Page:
Best mechanical keyboards for Mac iMore 2021
The best keyboard for Mac can be very subjective. While a lot of people are just fine with the Apple Magic Keyboard (or similar alternatives), there are others out there who prefer to feel and hear every single keystroke. This is when mechanical keyboards come in. A mechanical keyboard uses physical switches and even allows you to change out your entire keycap set to suit your personal tastes and preferences. I mean, once you discover the magic of mechanical keyboards, it's hard to go back, really (plus you feel so much more productive.) Here are the best mechanical keyboards for Mac you can check out right now.
- Great introduction: Keychron K2 V2
- RGB light show: Womier K87 Hot-Swappable Mechanical Keyboard
- Fully modular: Glorious Modular Mechanical Gaming Keyboard GMMK TKL
- Professional clack: Das Keyboard 4 Professional for Mac
- Full but compact: Keychron K4 V2
- Powerful gaming: Logitech G915 Lightspeed Wireless Mechanical Gaming Keyboard
- Professional but cool: Drop CTRL TKL Mechanical Keyboard
- Just the basics: Macally Backlit Mechanical Keyboard for Mac
- Go low: Keychron K1 V4
- Built from scratch: Glorious GMMK Pro
- Have it your way: Keychron Q1
Great introduction: Keychron K2 V2Staff Favorite
The K2V2 from Keychron offers flat edges on the frame and slim bezels around the keys. It also features a 75% layout, making it a great choice for travelers or those who prefer minimalism. You can also choose between Gateron Red, Brown, or Blue switches, and there is a hot-swappable version as well, making this one of the best mechanical keyboards for beginners.
RGB light show: Womier K87 Hot-Swappable Mechanical Keyboard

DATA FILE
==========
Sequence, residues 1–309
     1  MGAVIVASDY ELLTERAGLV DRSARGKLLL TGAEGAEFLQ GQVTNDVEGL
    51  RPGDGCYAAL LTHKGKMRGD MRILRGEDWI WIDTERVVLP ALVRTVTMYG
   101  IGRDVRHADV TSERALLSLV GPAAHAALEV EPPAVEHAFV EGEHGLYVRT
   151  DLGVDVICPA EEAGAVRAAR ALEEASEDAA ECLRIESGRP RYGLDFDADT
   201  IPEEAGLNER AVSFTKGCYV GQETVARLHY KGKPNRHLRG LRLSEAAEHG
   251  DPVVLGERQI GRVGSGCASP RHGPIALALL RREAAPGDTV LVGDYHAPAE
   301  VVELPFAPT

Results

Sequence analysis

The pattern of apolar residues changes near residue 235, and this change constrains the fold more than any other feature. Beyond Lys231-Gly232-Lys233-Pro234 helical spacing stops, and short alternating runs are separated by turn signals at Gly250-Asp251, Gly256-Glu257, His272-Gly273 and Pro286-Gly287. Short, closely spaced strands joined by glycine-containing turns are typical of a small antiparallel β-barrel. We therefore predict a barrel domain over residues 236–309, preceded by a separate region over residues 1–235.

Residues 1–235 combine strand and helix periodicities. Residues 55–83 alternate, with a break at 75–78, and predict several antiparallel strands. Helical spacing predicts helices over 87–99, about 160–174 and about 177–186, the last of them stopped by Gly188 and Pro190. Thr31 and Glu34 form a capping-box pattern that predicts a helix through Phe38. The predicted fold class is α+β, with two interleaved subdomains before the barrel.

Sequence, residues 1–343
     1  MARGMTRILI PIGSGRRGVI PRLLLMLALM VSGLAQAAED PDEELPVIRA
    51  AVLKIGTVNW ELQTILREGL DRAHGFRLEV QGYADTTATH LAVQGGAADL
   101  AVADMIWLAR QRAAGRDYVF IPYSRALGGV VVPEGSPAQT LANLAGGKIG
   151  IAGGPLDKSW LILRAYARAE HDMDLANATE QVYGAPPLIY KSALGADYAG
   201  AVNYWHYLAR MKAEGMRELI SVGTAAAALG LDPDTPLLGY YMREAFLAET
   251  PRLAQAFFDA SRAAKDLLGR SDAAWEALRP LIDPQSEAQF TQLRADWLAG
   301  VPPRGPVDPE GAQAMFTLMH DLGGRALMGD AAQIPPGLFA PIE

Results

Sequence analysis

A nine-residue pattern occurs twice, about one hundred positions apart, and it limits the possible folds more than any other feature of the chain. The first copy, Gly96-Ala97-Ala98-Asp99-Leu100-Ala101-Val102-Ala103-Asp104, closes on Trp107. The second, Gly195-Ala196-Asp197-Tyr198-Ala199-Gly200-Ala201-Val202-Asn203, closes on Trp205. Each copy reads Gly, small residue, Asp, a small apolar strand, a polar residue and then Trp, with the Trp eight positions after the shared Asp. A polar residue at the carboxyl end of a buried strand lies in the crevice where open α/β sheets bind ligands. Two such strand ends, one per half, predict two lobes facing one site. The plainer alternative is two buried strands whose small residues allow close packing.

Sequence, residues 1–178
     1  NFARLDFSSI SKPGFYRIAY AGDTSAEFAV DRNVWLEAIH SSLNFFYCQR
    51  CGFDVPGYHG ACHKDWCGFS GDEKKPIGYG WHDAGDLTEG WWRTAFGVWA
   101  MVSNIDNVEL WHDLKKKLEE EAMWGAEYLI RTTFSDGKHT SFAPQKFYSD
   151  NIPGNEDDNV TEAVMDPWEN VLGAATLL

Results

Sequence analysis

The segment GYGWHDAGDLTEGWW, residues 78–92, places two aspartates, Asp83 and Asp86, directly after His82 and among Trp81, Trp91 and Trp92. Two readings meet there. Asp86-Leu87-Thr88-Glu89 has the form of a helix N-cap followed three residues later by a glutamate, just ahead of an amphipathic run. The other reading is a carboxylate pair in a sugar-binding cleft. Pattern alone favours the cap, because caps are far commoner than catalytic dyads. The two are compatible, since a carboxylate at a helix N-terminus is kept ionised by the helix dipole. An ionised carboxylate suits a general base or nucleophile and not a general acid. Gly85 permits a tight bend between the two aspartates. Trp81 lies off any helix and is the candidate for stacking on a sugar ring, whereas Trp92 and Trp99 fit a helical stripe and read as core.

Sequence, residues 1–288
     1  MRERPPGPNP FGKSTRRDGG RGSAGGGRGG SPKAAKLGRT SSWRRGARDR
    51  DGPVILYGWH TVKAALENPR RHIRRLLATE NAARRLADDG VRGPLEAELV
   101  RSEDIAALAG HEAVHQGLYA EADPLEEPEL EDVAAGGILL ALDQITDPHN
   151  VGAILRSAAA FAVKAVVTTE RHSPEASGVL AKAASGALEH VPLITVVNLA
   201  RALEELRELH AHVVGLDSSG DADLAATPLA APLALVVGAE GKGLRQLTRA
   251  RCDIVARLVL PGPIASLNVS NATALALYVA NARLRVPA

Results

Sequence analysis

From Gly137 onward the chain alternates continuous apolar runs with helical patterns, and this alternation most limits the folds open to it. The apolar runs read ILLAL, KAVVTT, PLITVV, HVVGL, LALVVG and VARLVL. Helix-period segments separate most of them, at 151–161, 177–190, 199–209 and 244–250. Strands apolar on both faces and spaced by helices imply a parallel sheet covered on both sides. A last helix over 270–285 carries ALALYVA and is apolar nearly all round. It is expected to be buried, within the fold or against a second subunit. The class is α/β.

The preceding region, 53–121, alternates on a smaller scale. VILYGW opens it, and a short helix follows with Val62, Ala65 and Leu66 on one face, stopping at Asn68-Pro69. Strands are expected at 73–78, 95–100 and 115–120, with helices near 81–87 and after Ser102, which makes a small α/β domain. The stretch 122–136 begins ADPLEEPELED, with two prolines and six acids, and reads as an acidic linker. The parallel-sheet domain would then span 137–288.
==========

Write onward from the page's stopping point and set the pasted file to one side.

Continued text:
This mechanical keyboard features a transparent glass material for the case body, allowing a full-on RGB underglow light show at your desk. The Womier K87 is also a TKL board, giving you a lot of practicality, though there are 60% layouts available as well. It comes equipped with Gateron Red, Blue, Brown, or Yellow switches, but you can change them later if desired since it's hot-swappable.
Fully modular: Glorious Modular Mechanical Gaming Keyboard GMMK TKLFully customizable
Glorious' GMMK comes in three sizes: Compact, TKL, and Full. These keyboards are also available as a barebones DIY kit (once you add in your own switches and keycaps, it could cost more than pre-built) or pre-built with Gateron Brown switches. You can customize pretty much everything about these, making them a great starting board.
Professional clack: Das Keyboard 4 Professional for Mac
Das Keyboard 4 Professional gives you a choice between Cherry MX Brown or Blue, depending on how loud you like your keyboard, and it even has dedicated media controls, including an oversized volume knob, as well as a number pad. Two USB 3.0 ports make it perfect for ultra-productive folks.
Full but compact: Keychron K4 V2
If you need a 10-key numpad but still want something relatively compact, then the Keychron K4 is perfect. It is like the K2 V2 that I use daily, but it includes a 10-key on the right side. It offers 100 keys in a 96% format, so it maximizes space while still giving you all of the necessities. It also comes with Gateron Red, Brown, or Blue switches, white or RGB backlighting, and an optional aluminum frame, as well as a new hot-swappable option.
Powerful gaming: Logitech G915 Lightspeed Wireless Mechanical Gaming Keyboard
When money isn't so much a concern, there's the G915 TKL, which uses an aircraft-grade aluminum alloy to deliver a thin but rigid and durable design. You can choose between GL Linear, Tactile, and Clicky low-profile switches. Experience up to 30 hours on a single charge, and you can customize your colorful RGB lighting and macros with the G-HUB software.
Professional but cool: Drop CTRL TKL Mechanical Keyboard
Drop CTRL TKL is a good choice to consider if you want something that looks professional but cool at the same time. It also comes with your choice of Cherry MX Blue RGB, Brown RGB, Halo Clear, Halo True, Kaihua Box White, or Kaihua Speed Silver switches. The body is aluminum, there is an RGB strip for cool lighting effects, it's hot-swappable, and you can fully program it to your liking with QMK software.
Just the basics: Macally Backlit Mechanical Keyboard for Mac
This mechanical keyboard from Macally is full-size, so you get everything, including the number pad. It has a simple and clean aesthetic that will go perfectly with your Mac, and it features Kailh Brown switches (another Cherry MX clone) for a satisfying, tactile feel. It uses a USB wired connection and has four adjustable brightness levels for the backlights.